C: We reached a point where the ground became sandy and every step seemed to bring us diminishing returns. I looked down into the pitch black darkness and saw a steep drop behind me. Going back was not an option. I thought about sitting and waiting on the side of the mountain but calculated that I would have to wait it out for 5 hours and I might freeze to death! I looked up and tried to estimate how much longer it would take to get to the top. When the guide told me it would be another 2 hours I was feeling demoralised.
L: This was the first time I had seen my new friend in a different light. The vibrant, positive character had now put on a different mask, a negative, underconfident one I hadn’t yet seen.
How to tell when someone is in their panic zone:
· Thinking irrationally
· Loss of focus
· Fight or Flight reactions
· Stressed and anxious
As a coach and a friend, I could recognise that Clare was showing the signs of being in a state of panic, and it was now my duty to bring her back to focus on the task of reaching the summit I knew she had in her.
How to help someone who is in their panic zone:
Ask a direct question – Was she going to ‘fight’ and make her way to the summit and ultimately bring herself out of that panic zone or ‘flight’, believing she couldn’t go any further and retreating back to the other group. She decided to fight...
Re-focus attention to the task – Now we knew she was going to keep trekking I had to remind her of the end goal - the epic view at the summit!
Take control of the situation – Fatigue was starting to take over, coupled with the fear of not knowing how long she had left to the top. Regular breaks helped make progress, always looking forward and emphasising it didn’t matter how long it took us as long as we get there.
Motivate and encourage – It was my job to keep encouraging Clare, and I was chatting with her to take her mind off the negative thoughts.
C: I was really starting to tire, and I knew that I would struggle with another 2 hours of this incline. However, Lizzie started talking me out of my panic and told me I would be able to make it to the top if we broke it down into manageable pieces.
L: The sun started to rise and everything became bright again, the peak of the summit was finally in sight and we could see how far we had come. One last water break before the final climb and Clare was back to her normal, chatty self, albeit being slightly exhausted. We had finally made it… back to the comfort zone, but this time it was high up in the clouds on top of a volcano with no smartphones in sight, well just one to capture that perfect picture!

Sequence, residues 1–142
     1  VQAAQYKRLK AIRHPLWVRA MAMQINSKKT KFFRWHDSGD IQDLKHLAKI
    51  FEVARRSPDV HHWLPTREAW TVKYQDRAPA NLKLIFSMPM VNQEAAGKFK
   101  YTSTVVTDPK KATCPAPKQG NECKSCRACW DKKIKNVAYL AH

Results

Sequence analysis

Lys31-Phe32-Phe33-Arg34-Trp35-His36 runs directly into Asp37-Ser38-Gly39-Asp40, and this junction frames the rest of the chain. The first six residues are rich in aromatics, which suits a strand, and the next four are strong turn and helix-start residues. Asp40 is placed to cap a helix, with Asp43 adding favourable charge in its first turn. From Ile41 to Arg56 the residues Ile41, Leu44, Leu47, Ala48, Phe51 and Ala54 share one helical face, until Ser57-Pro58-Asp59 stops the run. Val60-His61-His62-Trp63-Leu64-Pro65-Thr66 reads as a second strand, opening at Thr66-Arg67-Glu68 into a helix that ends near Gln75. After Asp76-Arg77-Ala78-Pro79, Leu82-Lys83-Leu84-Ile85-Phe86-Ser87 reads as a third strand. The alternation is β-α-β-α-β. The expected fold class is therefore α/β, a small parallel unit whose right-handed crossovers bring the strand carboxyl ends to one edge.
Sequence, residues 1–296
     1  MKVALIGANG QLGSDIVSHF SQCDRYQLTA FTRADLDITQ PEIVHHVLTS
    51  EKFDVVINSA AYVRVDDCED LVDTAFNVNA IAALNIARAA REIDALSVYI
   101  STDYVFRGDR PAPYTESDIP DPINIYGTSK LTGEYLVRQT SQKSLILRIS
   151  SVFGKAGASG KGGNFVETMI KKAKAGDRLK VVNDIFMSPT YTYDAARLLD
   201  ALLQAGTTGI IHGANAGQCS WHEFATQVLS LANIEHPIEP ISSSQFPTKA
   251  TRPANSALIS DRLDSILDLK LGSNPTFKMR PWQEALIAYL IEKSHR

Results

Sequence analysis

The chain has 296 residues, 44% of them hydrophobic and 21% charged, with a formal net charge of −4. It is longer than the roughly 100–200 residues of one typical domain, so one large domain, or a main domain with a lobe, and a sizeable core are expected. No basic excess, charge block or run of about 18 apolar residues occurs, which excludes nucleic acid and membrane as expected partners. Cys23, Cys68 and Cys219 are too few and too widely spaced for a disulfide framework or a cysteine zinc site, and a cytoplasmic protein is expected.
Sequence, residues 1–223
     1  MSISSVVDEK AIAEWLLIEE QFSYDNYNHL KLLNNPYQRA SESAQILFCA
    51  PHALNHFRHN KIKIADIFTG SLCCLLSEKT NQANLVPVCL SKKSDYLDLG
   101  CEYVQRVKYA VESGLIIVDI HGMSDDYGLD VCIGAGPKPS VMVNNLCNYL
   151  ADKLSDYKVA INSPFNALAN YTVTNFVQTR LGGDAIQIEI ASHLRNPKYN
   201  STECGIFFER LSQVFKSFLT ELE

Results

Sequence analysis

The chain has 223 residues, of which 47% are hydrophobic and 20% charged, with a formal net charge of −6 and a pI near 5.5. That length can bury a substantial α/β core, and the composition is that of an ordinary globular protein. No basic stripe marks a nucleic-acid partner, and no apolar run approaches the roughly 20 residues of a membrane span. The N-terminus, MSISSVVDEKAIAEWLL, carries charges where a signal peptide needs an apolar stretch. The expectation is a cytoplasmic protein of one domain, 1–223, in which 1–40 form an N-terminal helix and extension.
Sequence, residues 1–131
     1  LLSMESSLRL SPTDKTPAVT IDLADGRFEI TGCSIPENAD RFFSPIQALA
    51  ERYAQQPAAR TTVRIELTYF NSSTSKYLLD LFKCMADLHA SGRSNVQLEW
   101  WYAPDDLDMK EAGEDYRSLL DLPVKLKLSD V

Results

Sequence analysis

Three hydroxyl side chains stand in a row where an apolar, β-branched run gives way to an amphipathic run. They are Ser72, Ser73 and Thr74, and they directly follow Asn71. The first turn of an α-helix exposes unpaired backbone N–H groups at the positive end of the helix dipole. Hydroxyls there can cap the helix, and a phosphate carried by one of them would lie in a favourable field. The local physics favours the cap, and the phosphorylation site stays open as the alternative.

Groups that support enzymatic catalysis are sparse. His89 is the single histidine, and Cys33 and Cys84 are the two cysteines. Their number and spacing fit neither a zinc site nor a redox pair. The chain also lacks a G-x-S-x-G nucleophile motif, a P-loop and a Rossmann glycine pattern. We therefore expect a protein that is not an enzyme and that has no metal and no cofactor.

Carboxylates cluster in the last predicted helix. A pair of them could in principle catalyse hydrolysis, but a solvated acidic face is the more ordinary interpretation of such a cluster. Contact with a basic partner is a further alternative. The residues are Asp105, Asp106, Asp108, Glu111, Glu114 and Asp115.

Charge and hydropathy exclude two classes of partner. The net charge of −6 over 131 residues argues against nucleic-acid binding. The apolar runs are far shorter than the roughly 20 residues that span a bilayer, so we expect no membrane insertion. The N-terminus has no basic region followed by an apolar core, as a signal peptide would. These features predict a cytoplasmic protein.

C: Slowly but surely, we continued to climb, and although it was tough and there were a few hairy moments, we eventually reached the summit! The feeling that I had once we reached the top is something that I’ve never had before and will never forget. Talking out loud and getting negative thoughts out of my head together with Lizzie’s encouragement and energy helped push me forward.
L: Everyone has different levels of comfort, stretch and panic zones. Being in our comfort zone is safe and it is where we can relax and rest from everyday stresses. However, we need to make sure we keep pushing our stretch and panic zones to be able to grow as individuals. That may be in the workplace, on the sports pitch, in the gym or in a social situation, we need to expand our comfort zones, and not be afraid to allow someone to help us through those scary situations in life – you don’t know what friends you will make along the way!
C: I was overwhelmed with pride looking down the mountain I had just climbed. I literally felt on top of the world! I was blown away at how beautiful and peaceful it is 3,672 meters above sea level. The views were breathtaking and the scenery was simply stunning. After such a fantastic experience, I am already looking forward to my next hike and would recommend to anyone and everyone to sign up for a UFIT Retreat.
This is just one of the relationships that birthed from the short trip we took to East Java. We tested our limits and patience but the greatest thing is seeing strangers working together, lifting each other up, overcoming fears and achieving what they never thought possible.
Next destination for UFIT Retreats:
We are also on Instagram: @UFITRetreats
ABOUT THE AUTHOR
Lizzie Corbett’s journey in the fitness industry started when she joined the Royal Air Force (RAF) of the United Kingdom as a Physical Training Instructor when she was 18. As a coach, she uses her military experience to unlock her clients’ potential, both mentally and physically. Her motivation lies in being part of her clients’ journeys to achieve their goals.